It’s been six years since Ben Yagoda first noticed a spike in the U.S. usage of backbencher, a term with a specific meaning in British parliamentary politics – MPs who hold no ministerial or shadow-ministerial offices and therefore are consigned to the back benches of their respective houses – and none in U.S. government, where representatives and senators sit wherever they please on their party-defined sides of the aisle. In December 2015, Ben’s UK counterpart, Lynne Murphy, anointed backbencher the UK-to-US import of the year; one of the nominators said she’d noticed that backbencher was being used in print (and some TV) “to refer to the members of a certain congressional caucus who were first elected in the elections of 2010/2012/2014, and so at this point can't all be referred to as ‘freshmen’, the usual term for first termers.”
Backbenches in Canada’s Parliament, via the very lively Parli, the Dictionary of Canadian Politics. which includes the category “Scandals, Crises, and Bon Mots”
Now backbencher is in the news again, thanks to newly elected Representative Alexandria Ocasio-Cortez, the 29-year-old Democratic Socialist from the Bronx, who isn’t shy about claiming the spotlight. She has already co-sponsored “Green New Deal” legislation and played an active role on Twitter; she’s identified by her monogram, AOC, just like FDR and JFK. She really gets under some people’s skin, which seems to fire her up even more.
YOU'RE A BACKBENCHER https://t.co/aa5LqZID6F— Jeff Fecke (@jkfecke) February 23, 2019
honey, you're a backbencher in the House and will never pass a bill that gets through the senate to the president's desk— Tᴏᴍ Vᴀɴ Dʏᴋᴇ (@DykeVanTom) February 23, 2019
you're not in charge of shit https://t.co/8Toll0C9qU
Smacking AOC, and she deserves it. Green New Deal, my sweet patoot!— Lee in Iowa #TeamPelosi #SaveButterflies (@Lee_in_Iowa) February 23, 2019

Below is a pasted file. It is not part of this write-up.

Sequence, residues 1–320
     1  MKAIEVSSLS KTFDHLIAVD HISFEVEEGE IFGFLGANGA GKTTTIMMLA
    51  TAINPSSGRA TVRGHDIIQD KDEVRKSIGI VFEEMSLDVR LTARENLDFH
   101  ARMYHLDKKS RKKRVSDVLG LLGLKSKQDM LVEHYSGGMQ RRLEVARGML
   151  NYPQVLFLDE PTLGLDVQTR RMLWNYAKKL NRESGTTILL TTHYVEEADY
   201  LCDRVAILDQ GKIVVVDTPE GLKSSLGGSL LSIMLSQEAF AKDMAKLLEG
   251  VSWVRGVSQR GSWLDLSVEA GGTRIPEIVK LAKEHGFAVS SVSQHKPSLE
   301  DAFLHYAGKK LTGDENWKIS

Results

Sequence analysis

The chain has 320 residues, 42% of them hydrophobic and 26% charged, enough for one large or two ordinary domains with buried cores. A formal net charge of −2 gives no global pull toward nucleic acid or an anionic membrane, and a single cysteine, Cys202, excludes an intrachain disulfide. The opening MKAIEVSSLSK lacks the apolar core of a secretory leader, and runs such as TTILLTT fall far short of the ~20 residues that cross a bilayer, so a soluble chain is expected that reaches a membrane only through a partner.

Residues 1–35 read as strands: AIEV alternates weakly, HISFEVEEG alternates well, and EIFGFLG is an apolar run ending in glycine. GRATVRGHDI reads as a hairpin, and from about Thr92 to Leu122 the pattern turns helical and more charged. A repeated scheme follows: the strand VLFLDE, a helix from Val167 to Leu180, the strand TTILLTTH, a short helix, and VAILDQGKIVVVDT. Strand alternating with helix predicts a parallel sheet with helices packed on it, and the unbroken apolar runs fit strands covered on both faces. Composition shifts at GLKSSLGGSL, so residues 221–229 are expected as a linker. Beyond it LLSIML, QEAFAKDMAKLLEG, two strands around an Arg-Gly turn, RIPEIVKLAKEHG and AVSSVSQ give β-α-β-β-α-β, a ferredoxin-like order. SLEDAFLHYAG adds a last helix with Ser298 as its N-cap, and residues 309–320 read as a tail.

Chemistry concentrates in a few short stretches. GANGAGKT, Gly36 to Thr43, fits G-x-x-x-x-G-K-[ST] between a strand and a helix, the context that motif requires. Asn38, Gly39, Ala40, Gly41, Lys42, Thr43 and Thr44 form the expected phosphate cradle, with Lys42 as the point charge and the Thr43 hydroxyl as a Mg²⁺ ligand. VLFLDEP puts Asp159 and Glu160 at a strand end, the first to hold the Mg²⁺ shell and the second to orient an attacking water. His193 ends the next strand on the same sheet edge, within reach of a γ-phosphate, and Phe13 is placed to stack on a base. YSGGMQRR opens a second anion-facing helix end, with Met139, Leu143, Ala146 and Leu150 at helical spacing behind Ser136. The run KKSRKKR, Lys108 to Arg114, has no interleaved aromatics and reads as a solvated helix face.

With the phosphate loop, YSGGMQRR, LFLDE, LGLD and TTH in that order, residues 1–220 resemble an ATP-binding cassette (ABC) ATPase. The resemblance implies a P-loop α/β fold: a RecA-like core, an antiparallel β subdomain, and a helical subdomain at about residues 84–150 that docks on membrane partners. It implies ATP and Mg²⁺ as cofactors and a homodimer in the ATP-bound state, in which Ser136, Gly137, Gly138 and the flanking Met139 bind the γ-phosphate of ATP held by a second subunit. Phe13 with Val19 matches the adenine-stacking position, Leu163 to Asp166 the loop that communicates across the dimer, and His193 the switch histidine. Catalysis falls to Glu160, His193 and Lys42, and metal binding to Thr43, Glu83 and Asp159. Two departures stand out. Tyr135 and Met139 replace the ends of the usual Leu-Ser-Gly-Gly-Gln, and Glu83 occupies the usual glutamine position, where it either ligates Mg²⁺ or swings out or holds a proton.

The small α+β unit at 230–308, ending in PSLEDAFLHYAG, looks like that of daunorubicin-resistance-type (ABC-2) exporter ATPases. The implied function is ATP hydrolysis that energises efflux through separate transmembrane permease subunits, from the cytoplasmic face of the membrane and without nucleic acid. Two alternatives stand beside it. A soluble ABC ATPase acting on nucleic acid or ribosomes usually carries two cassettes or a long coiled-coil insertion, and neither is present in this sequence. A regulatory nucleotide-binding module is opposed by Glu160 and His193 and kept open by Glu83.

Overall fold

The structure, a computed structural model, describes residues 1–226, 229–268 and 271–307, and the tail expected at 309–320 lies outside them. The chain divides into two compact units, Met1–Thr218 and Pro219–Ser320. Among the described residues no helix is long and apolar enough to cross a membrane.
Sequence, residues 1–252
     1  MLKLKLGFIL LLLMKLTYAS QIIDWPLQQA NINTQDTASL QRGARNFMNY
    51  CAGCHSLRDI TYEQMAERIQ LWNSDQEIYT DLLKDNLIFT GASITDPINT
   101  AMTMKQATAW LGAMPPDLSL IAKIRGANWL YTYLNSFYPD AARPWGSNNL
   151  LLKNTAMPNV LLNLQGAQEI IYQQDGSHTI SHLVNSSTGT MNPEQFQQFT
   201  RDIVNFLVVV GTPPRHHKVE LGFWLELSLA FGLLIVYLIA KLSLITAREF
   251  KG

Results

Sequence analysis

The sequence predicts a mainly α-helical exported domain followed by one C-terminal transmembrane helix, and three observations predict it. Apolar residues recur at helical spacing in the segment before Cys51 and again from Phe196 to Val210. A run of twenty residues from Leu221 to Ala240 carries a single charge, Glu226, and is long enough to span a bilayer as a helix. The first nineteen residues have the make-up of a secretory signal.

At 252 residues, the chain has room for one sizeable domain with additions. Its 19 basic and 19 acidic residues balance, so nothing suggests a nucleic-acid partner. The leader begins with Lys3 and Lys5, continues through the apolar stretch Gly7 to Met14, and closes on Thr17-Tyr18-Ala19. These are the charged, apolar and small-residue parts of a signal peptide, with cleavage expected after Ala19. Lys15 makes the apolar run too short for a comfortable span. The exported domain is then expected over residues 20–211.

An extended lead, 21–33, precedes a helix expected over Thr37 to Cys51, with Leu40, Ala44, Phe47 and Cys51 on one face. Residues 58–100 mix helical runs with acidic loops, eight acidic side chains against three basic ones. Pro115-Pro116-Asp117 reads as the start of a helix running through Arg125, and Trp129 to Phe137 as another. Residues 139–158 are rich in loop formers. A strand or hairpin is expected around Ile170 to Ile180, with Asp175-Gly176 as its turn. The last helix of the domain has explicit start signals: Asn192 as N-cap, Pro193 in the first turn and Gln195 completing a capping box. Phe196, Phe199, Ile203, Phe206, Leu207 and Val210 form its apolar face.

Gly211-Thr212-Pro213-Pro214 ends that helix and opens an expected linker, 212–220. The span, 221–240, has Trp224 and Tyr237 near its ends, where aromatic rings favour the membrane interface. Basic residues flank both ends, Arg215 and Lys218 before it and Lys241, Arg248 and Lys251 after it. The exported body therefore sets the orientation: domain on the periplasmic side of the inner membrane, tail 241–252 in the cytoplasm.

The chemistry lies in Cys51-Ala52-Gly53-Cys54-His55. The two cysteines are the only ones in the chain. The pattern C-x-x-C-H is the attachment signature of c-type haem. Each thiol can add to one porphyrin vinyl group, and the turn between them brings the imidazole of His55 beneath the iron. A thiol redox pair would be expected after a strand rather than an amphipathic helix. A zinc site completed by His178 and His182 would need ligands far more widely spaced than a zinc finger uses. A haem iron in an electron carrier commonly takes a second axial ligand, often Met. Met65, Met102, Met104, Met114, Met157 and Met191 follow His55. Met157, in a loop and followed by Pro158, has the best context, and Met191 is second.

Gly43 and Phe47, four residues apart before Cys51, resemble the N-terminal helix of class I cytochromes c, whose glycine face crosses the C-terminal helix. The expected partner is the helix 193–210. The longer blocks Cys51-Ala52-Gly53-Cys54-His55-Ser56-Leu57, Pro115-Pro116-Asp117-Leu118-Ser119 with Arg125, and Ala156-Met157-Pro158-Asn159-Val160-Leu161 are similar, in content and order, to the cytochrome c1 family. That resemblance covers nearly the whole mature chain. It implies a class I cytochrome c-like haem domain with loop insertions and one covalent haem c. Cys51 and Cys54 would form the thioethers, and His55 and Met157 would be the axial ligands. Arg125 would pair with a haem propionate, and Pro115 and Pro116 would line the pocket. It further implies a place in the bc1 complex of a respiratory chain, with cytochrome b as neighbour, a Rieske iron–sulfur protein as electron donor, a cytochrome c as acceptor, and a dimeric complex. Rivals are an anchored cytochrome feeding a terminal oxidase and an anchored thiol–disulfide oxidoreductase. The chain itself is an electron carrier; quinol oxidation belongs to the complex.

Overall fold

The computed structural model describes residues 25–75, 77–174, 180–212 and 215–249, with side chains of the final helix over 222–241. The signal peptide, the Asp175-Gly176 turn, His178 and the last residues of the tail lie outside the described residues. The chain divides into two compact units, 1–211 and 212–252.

That thing is jammed with all Bernie's poorly thought out "policies" like free college and union jobs for all. Pipe dreams of a shallow backbencher.
Real policies for combating climate change? Not in there. https://t.co/DTMmwQjkf3
Do a Google search for “Ocasio Cortez backbencher” and you get results from the Orlando Weekly (“For all the attention paid Ocasio-Cortez, however, she's just a backbencher”), The Federalist (“She could easily become yesterday’s news, dismissed like other backbenchers and cranks within the House Democratic caucus”), The Hill (“[I told her] to pick some of those issues and really lead on them from day one and not to be told to keep her head down or be a backbencher, but to come here and lead” – California Rep. Ro Khanna), The Advocate (“If she wants to even be moderately effective as a legislator and not some permanent backbencher … she’s gonna have to play the game”), and Esquire (“that backbenchers-should-be-seen-and-not-heard business should’ve died with Sam Rayburn”).
Not that AOC gets all the scorn. Here’s a tweet leveled at a gentleman who ran for president in 2016 as a Democrat.
Can you believe this old white backbencher? Who in the hell does Bernie Sanders think he is? Other than a speech & pandering designed by 10 million $ man Tad Devine, Bernie Sanders has NOTHING. He claims unless we vote for him, we're voting based on gender or race— ☇RiotWomenn☇ (@riotwomennn) February 19, 2019